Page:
Galilee is the go
We have made it to the Sea of Galilee! Now our guide, David Goldberg, reckons it is more like a big lake and maybe so but it still looks great late in the day with the afternoon sun lighting up the Golan Heights. It has been a long 10 hour day on the road getting here from Tel Aviv, with plenty of on and off the bus stuff to wander around various sites.
First stop was Caesarea. Now this was a town built by Herod the Great as a port city and very much designed on a Roman plan.’ It was the place where The Holy Land connected with the outside world. Outward flowed the agricultural trade with Rome and inwards the things to keep the Romans in the Holy Land happy! Helped keep Herod in a job too.
Caesarea is remembered for a number of things. Among them the story of the conversion to Christianity of Cornelius, the Roman centurion, by Peter following the insight he received in Joppa (see yesterday’s notes). It is also the place from which Paul was sent by boat to Rome by the authorities. At one point today we were standing on a spot where the biblical and archaeological evidence suggests Paul was questioned by the Roman authorities, if not that spot then within yards of it.
Caesarea, is also the place where we have a clash of two cultures. The rather blood thirsty Roman existence, gladiator games, chariot racing etc where blood and gore was entertainment; but to the Jews blood (whilst being involved in sacrifice ) was considered to be life. Little wonder the Romans and the Jews did not see eye to eye. The Caesarea that Herod the Great built has long gone and what we walked over were the not insubstantial remnants uncovered by archaeologists and now protected within a National Park.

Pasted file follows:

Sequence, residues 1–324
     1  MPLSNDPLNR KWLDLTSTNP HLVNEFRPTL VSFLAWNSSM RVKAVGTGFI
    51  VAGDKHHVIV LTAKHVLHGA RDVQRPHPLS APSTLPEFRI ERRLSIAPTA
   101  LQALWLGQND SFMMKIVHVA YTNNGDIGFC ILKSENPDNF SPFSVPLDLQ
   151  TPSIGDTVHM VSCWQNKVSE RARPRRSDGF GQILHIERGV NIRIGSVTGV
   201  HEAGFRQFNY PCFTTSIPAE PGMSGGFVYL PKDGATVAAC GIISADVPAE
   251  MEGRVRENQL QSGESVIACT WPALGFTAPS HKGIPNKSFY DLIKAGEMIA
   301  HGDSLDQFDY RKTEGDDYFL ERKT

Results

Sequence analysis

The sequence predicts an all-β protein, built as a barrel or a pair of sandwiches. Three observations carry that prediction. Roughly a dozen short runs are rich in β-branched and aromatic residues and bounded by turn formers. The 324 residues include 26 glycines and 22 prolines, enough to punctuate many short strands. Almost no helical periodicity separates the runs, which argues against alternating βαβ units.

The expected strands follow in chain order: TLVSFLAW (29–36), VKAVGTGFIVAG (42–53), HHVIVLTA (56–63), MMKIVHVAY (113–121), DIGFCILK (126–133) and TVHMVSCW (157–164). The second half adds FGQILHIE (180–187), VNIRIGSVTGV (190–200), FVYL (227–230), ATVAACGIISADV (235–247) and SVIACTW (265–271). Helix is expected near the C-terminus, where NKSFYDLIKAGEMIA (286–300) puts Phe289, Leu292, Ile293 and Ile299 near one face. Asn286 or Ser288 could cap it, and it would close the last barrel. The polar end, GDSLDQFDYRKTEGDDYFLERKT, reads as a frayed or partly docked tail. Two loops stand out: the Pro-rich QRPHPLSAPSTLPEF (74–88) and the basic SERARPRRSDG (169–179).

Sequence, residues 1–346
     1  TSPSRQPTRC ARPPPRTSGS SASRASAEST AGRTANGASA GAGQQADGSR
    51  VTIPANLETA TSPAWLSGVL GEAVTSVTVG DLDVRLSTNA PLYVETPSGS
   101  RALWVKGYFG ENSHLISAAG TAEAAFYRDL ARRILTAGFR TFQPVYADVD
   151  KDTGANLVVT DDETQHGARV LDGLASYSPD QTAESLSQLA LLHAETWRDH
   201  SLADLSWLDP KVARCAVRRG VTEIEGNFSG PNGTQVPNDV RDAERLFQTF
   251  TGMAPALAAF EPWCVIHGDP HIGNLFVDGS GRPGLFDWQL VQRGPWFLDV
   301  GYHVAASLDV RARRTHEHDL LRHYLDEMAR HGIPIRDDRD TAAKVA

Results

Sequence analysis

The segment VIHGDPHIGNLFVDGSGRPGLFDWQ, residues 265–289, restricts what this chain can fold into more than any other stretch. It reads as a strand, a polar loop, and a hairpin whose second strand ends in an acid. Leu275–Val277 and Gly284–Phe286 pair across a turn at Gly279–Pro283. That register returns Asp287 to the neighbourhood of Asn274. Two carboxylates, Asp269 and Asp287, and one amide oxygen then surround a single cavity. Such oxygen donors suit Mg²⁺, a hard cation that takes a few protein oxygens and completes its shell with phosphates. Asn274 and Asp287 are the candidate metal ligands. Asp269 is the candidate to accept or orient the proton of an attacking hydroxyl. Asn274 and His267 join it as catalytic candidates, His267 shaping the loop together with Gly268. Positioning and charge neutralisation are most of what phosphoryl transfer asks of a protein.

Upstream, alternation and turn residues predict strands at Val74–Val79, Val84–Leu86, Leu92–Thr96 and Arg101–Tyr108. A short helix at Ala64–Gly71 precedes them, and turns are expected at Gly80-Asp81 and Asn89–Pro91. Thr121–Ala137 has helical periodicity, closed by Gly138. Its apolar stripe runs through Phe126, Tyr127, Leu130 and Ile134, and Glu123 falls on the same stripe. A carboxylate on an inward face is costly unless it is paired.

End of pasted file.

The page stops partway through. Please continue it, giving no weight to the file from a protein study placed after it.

From Caesarea we moved onto Mt Carmel. This was after a short stop at the aqueduct that carried water to Caesarea from a spring at Mt Carmel, a distance of about 80 km. A very significant piece of engineering. At Mt Carmel Elijah dealt with the Baal worshippers. Our guide is pretty convinced that the biblical and archaeological evidence points to Mt Carmel, perhaps not exactly where we were but not far away, for this event in biblical history. The linkage is the reference to the spring on top of the Mt. Mt Carmel is quite high up and looks over the Jezereel Valley, which connects the coastal area to the inland, the Jordan River and Sea of Galilee.From here we headed off to Mt Megiddo. This is a largish hill which has been built up by 25 layers of historical occupation. From memory the guide suggested 5000 years of history is lying underneath. This is also the place which overlooks the plain of the Jezereel Valley where John in Revelations claims the battle of Armageden will be fought. Not sure I will be around to see it. The big event here was wending our way down 270 odd steps to the bottom of a shaft that was dug to connect via a tunnel at the bottom to a water sorce outside the walls of the city. Leanne (true to form) and a couple of others got a bit twitchy here descending these steps, but all made it! Including getting out at the other end up 80 steps.
From Megiddo we headed off to Tiberias on the shores of the Sea of Galilee and our beds for the next few nights….